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Feds Threaten to Withhold California Infrastructure Funds

Trump administration officials threatened to withhold billions of dollars in federal highway funding from California, arguing that the state has not shown what steps it is taking to improve its air quality. 

Under the EPA’s rules, the state has 18 months to comply with the agency’s regulations. If the state’s plans are still deemed inadequate, the EPA can then impose so-called “offset” sanctions, which require immediate reductions in pollution. Six months later, if the EPA isn’t satisfied, it can then move to block federal highway funding in the affected area of the state.

EPA Administrator Andrew Wheeler suggested that the state “has failed to carry out its most basic tasks under the Clean Air Act” and needs to either update its plans to tackle air pollution or risk losing federal money.

The Associated General Contractors of America (AGC) addressed the simmering dispute in a Sept. 24th letter sent to Wheeler.

"AGC supports the agency’s stated commitments to improve air quality and to reduce the backlog in state implementation plans," wrote Jimmy Christianson, AGC's vice president, government relations. "AGC urges the agency to work with California on air quality and to provide a grace period sufficient to allow California to update and finalize its state plans. Using federal highway funding as a cudgel is counterproductive to the administration’s promise to deliver on infrastructure and the environment."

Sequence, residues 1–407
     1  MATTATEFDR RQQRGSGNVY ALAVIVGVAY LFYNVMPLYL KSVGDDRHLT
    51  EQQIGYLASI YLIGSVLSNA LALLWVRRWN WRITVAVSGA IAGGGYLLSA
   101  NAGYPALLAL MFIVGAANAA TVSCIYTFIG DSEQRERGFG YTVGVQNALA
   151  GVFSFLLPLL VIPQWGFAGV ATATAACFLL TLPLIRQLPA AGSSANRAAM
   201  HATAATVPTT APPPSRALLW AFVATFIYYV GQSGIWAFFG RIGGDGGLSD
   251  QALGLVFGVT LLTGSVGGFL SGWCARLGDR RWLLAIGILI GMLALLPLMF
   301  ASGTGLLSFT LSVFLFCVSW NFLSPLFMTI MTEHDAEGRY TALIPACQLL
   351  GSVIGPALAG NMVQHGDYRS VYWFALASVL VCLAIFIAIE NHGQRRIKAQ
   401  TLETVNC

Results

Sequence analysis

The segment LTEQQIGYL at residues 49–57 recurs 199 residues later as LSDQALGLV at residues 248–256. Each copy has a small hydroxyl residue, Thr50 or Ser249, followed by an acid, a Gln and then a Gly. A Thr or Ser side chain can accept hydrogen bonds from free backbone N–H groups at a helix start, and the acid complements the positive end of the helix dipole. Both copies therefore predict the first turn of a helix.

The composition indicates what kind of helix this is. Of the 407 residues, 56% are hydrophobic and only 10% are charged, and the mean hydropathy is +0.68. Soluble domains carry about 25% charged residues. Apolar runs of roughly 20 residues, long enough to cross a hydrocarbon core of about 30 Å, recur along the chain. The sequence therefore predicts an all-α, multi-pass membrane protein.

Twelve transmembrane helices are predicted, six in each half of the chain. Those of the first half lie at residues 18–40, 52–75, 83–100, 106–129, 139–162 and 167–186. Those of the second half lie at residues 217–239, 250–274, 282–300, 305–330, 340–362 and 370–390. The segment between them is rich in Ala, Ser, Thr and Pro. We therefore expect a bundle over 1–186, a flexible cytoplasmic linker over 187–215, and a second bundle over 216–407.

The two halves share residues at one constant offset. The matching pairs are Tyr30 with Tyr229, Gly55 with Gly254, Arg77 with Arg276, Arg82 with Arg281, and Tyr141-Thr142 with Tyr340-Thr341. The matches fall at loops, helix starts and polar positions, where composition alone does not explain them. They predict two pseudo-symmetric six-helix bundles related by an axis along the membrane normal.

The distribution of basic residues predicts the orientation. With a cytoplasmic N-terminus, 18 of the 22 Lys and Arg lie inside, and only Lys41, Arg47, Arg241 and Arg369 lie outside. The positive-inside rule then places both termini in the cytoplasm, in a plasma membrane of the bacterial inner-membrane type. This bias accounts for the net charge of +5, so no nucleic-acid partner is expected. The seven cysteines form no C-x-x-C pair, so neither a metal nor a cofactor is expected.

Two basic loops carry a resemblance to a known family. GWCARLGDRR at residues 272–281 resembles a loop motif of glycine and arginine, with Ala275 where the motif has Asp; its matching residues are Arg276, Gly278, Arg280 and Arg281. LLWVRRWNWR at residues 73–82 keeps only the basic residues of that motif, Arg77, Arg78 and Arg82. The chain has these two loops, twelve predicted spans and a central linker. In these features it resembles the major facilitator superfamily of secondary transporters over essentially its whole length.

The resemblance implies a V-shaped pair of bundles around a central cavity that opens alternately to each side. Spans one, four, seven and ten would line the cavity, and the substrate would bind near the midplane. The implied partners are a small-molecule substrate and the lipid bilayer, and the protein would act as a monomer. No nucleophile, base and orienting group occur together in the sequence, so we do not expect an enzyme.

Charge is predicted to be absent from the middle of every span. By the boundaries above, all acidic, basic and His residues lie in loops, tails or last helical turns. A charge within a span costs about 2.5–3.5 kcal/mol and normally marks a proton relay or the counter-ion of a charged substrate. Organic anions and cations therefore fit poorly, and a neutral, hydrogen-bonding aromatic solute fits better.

California Gov. Gavin Newsom called the threat a "brazen political stunt.”

“The White House has no interest in helping California comply with the Clean Air Act to improve the health and well-being of Californians,” Gov. Newsom said in a statement. “This letter is a threat of pure retaliation."

Gov. Newsom was referring to the fact that California has imposed strict state limits on vehicle emissions, a move the Trump administration opposes.

The state of California also recently filed its 29th environmental lawsuit against the Trump administration, challenging the EPA's determination that 1,365 acres of salt ponds in Redwood City, Calif., are not "waters of the United States" under the Clean Water Act.

“The Trump administration’s threat to withhold California’s highway funding over clean air quality reports is the height of hypocrisy. California doesn’t need to be lectured by an administration beholden to polluters," said Sen. Diane Feinstein (D-Calif.)